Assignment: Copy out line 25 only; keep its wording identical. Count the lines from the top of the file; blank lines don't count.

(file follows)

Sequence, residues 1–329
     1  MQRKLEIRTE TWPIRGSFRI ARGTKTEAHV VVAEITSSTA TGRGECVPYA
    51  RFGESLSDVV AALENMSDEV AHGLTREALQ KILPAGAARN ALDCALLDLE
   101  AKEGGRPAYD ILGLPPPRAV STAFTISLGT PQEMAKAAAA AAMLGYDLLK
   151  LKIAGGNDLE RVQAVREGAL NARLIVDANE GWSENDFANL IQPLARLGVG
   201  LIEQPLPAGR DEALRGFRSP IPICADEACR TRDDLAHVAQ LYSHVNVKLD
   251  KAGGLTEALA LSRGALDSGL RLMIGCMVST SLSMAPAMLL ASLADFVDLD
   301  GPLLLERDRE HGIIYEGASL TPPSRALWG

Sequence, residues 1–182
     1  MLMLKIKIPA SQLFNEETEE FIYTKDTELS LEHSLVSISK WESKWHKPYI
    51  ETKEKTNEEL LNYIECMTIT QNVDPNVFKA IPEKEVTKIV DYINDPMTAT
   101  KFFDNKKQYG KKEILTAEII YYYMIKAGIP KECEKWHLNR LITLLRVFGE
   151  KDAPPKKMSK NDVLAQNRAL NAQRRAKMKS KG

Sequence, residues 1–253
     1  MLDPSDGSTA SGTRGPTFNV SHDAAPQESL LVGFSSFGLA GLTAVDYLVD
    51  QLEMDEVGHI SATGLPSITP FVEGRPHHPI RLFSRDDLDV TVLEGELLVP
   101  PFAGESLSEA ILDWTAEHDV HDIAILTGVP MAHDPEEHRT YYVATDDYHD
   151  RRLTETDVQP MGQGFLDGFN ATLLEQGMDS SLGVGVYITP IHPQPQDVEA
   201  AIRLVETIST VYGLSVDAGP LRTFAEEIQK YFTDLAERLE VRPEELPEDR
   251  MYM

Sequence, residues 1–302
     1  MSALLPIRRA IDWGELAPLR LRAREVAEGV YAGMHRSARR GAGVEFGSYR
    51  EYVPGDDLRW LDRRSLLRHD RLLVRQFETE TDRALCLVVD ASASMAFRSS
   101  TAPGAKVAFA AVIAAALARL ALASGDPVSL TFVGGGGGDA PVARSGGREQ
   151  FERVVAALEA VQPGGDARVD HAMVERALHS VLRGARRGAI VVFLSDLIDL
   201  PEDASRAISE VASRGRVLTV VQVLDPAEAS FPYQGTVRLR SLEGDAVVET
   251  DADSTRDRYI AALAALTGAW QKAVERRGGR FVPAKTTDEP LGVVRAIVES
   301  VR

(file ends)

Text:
   151  FERVVAALEA VQPGGDARVD HAMVERALHS VLRGARRGAI VVFLSDLIDL